Firefighters Attend Alexandria Paramedic's Funeral
Joshua Weissman (courtesy: Alexandria Fire Department)
Funeral procession from Temple Beth El to Ivy Hill Cemetery (photo by Peggy Fox)
Flag hangs by station 206 where Joshua Weissman worked (photo by Peggy Fox)
ALEXANDRIA, Va. (WUSA) - Firefighters from across the nation gathered in Alexandria on Thursday for the funeral of Alexandria paramedic Joshua Weissman.
Virginia Gov. Bob McDonnell authorized both Alexandria and Arlington to fly flags at half-staff for Weissman.
For hours, Alexandria came to a standstill as roads were shut down and schools dismissed early for Weissman's funeral. Hundreds who never knew Weissman stood in the rain and drizzle to honor a man who gave his life rescuing others.
He was remembered as man who was deeply committed to his wife and family, his friends, and passionate about his life's work.
The 33-year old lost his life after falling through a two-foot space between two bridges as he attempted to reach a burning car on I-395 last Wednesday. It was a 30 foot fall. His fellow paramedics rushed to save him below.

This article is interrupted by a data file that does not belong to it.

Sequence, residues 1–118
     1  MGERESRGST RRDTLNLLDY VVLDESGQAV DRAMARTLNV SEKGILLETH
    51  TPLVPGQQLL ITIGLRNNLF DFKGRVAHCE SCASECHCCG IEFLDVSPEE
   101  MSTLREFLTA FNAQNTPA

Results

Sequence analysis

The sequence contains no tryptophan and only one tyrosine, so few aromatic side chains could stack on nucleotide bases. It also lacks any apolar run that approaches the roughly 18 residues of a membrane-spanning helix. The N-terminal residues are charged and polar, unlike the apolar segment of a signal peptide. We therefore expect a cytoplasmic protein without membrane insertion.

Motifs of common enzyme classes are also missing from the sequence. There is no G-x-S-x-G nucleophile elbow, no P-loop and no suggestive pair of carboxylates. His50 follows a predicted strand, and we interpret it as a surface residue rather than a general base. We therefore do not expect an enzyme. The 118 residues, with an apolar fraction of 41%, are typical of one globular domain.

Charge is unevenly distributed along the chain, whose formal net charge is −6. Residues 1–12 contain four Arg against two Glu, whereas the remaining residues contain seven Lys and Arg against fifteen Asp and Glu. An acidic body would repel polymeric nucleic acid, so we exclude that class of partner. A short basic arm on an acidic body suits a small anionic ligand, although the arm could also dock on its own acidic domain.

Alexandria Fire Chief Adam Thiel was called to the seen.
"I'll never forget looking over that railing and seeing josh. The only thing worse than being there was not being there," said Chief Thiel.
"He was a fighter, as you've heard. By all rights, we should have lost him," Thiel said, crediting the excellent patient care he received."
Joshua died a few days later. His station's firetruck carried his body from funeral to burial at Ivy Hill cemetery. Josh's brother Gabriel Weissman said he was born to be an emergency responder.
Gabe Weissman talked about an older brother who was fiercely protective of his little brother. He said Joshua was born to be an emergency responder and was always keeping up with the latest training to his job at the highest level. Gabe also thanked all the firefighters and paramedics for being his brother's second family and treating his family so well during this difficult time.
Gabe then read a moving eulogy from his brother's wife, Rebecca. The two met as volunteer firefighters in Central New York State eight years ago and married in 2005.
Fellow paramedic Kelsea Bonkoski talked about Joshua's quirky sense of humor, commitment to the job, and his love of life, "He was a wonderful story teller. He's not here to do it anymore. Don't worry Josh, we'll take it from here."
The firefighters and paramedics of The Alexandria Fire Department were able to honor Weissman and won't have to return to work until 7 p.m. Friday. Other jurisdictions will staff the fire houses.
Written by Peggy Fox